Tag Archives: law

Prof. Leti Volpp on cultural difference – text, video, audio

Framing Cultural Difference: Immigrant Women and Discourses of Tradition by Leti Volpp
I have been enjoying Volpp’s work for many years now.  She’s at Berkeley and you can see her faculty profile here.  You can see her below, at the 2012 Duke Women’s Studies Sixth Annual Feminist Theory Workshop on “The Indigenous as Alien”

And you can hear her talk about her work on KPFA 94.1 program “Against the Grain”, “about double standards and the perilous politics of culture,” here.

Those strange people’s culture is to blame, we’re told, when wife-battering or other interpersonal violence occurs in the households of immigrants from certain parts of the world. But does culture determine violent or misogynist behavior? And are non-Western cultures in fact regressive, as they’re so often represented to be? Leti Volpp talks about double standards and the perilous politics of culture.

Round table discussion: Crimes of Honour

Crimes of Honour: The Interplay of Culture, Religion, and Law.

At the OBA, presented by the Canadian Race Relations Foundation

A round-table discussion with Dr. Naila Butt, Executive Director, Social Services Network Dr. Anna C. Korteweg, Ass. Professor, Munk School of Global Affairs Dr. Mohammed Baobaid, Executive Director, The Muslim Resource Centre for Social Support and Integration (MRCSSI) Gillian Blackell, Senior Counsel, Department of Justice Canada Shelley Saywell, award-winning Director & Filmmaker Moderated by Dr. Ayman Al-Yassini, Executive Director, CRRF
Wednesday, March 28, 2012 – 5:45-7:30 pm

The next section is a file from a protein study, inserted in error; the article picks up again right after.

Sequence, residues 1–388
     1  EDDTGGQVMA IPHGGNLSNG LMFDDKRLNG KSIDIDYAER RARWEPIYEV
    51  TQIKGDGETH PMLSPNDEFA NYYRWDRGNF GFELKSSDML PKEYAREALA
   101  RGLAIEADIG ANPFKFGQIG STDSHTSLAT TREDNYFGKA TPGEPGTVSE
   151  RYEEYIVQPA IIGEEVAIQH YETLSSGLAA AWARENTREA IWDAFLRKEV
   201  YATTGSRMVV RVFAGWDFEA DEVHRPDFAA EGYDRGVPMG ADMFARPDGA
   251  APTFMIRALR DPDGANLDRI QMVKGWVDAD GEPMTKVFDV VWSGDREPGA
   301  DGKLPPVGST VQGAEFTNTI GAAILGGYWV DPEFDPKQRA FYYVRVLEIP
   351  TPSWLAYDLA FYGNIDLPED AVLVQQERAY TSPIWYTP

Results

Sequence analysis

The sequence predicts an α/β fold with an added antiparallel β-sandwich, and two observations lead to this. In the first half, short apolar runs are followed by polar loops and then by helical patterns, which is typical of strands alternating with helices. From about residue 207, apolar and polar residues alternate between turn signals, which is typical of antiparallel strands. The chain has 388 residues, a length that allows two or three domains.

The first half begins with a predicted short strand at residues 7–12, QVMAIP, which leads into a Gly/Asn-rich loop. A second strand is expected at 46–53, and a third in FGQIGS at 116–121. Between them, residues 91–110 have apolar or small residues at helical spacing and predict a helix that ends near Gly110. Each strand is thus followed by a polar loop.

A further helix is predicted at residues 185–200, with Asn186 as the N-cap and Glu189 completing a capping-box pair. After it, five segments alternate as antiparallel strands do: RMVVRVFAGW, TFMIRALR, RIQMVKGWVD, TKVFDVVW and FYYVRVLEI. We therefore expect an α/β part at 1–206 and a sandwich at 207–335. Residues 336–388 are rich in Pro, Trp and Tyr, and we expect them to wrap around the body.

Grand Salon – 2nd Floor
20 Toronto St, Toronto, Ontario, M5C 2B8

CFP (Oct deadline): When Gender Norms Become Law: Recognizing and Correcting for Gender Bias

The Wisconsin Journal of Law, Gender & Society announces its 2012 Symposium, When Gender Norms Become Law: Recognizing and Correcting for Gender Bias, which will take place Feb. 10, 2012. Abstracts are due Oct. 1, 2011.

We are seeking original scholarship, from both scholars and practitioners, addressing ways in which gender norms are reflected in legislation, judicial precedent, and administrative findings. Ideally, proposals would highlight:

  • An analysis of the inherent and functional gender biases in these policies and practices and
  • Recommendations as to how the same policies could be pursued without the resulting gender disparity.

Topics could include: findings of fact that shape evolving areas of law, the role of social sciences in evidence, and differing approaches to gender considerations across legal systems. Interested parties should send an abstract to WJLGS.Symposium [at] gmail.com by October 1, 2011. Those selected for the Symposium will be notified by November 2011. The Journal’s Symposium issue will be published in Fall 2012. Questions may be addressed to Symposium Editor Meredith Davis at mdavis7 [at] wisc.edu.